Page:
Film Review: ‘Fog in August’ Appearing at The Washington Jewish Film Festival
The horrors of the Holocaust have been portrayed many times in film, most notably Schindler’s List and The Pianist. One such horror, however, has never been a focus of film study: the euthanasia program used by the Nazis that claimed the lives of 5,000 children. This horrendous act is brought to light in haunting fashion by Kai Wessel’s Fog in August.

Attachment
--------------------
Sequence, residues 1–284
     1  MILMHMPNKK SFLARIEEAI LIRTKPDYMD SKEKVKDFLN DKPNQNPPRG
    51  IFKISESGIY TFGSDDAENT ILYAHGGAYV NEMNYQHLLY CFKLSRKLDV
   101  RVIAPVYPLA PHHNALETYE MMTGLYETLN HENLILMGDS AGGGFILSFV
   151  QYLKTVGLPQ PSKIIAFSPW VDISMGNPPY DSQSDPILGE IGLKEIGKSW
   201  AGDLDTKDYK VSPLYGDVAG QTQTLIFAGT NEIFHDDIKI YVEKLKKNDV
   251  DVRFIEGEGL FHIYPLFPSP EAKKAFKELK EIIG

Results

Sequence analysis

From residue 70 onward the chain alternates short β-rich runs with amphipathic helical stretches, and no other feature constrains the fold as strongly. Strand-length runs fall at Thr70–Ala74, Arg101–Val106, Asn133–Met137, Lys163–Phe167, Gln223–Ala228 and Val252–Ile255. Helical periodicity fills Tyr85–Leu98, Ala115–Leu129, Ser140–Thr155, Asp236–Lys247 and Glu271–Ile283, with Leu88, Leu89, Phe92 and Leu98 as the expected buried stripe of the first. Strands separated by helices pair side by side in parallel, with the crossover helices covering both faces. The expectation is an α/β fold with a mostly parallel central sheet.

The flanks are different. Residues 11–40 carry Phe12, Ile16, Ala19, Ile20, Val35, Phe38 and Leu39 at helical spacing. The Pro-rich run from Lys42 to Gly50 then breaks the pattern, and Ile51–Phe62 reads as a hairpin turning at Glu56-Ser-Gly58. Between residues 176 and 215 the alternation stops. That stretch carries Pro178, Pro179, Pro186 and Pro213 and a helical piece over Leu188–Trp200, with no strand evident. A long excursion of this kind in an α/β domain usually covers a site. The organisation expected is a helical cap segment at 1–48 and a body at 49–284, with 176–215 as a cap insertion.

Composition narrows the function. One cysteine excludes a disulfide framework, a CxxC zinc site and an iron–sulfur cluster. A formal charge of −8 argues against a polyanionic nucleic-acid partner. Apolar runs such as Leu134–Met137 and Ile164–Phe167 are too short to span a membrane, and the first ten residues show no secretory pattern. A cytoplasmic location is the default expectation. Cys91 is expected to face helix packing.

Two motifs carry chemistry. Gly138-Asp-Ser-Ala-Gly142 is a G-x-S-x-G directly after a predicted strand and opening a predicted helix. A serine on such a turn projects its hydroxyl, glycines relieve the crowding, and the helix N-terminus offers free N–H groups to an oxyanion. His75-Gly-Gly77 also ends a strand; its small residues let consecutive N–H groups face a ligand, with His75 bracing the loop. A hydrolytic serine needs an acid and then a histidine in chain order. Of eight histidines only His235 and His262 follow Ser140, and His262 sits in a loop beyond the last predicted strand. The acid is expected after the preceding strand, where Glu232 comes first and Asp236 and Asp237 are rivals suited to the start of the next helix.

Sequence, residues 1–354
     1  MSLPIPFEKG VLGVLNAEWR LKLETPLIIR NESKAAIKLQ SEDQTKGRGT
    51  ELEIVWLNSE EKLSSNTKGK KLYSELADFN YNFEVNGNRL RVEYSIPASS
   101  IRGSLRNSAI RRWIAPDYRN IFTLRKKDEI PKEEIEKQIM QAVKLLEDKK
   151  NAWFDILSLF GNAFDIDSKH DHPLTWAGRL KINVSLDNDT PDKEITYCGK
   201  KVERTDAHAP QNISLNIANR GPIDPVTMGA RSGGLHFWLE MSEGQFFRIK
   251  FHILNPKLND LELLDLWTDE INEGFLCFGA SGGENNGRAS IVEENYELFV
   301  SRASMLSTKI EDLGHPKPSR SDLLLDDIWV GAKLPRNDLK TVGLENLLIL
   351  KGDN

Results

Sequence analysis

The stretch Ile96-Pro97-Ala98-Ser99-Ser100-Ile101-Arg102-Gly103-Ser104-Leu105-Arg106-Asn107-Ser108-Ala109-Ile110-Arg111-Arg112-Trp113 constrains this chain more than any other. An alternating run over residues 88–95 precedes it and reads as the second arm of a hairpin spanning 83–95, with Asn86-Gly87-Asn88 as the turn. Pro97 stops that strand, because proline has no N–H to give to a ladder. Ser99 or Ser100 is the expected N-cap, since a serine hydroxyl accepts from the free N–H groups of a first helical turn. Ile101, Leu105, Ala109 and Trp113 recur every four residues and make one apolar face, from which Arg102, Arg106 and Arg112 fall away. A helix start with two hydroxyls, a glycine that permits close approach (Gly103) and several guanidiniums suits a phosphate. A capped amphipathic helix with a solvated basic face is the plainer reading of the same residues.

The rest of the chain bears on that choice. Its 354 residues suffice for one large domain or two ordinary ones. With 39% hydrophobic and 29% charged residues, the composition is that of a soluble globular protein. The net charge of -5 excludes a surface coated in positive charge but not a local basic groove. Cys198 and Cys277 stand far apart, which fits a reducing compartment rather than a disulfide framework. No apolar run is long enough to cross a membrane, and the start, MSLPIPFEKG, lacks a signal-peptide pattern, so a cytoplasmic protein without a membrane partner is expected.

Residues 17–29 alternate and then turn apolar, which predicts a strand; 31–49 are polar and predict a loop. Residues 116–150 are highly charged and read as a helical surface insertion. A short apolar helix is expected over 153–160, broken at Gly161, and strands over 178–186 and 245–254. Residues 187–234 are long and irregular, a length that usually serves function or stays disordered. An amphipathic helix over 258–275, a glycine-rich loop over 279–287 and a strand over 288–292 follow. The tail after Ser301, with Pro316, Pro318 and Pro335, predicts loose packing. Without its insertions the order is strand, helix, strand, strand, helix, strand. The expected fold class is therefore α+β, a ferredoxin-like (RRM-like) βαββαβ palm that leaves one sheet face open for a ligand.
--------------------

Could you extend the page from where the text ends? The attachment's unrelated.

Wessel tells the story of 13-year-old Ernst Lossa (Ivo Pietzcker), a Roma boy who is sent to a German mental hospital in 1942. His reason for being sent there stems from anti-social behavior exhibited in similar institutes. Ernst’s father comes to collect him but is unable to do so because his profession as a peddler keeps him from having a permanent residence. This sees Ernst being left at the hospital while his father seeks to find them a home. During his stay, Ernst makes friends with several of the other children in the hospital. However, when his friends start mysteriously dying, Ernst learns the true purpose of the hospital: it’s a euthanasia center for the Nazis. Upon making this discovery, he becomes determined to escape before he shares his friends’ fate.
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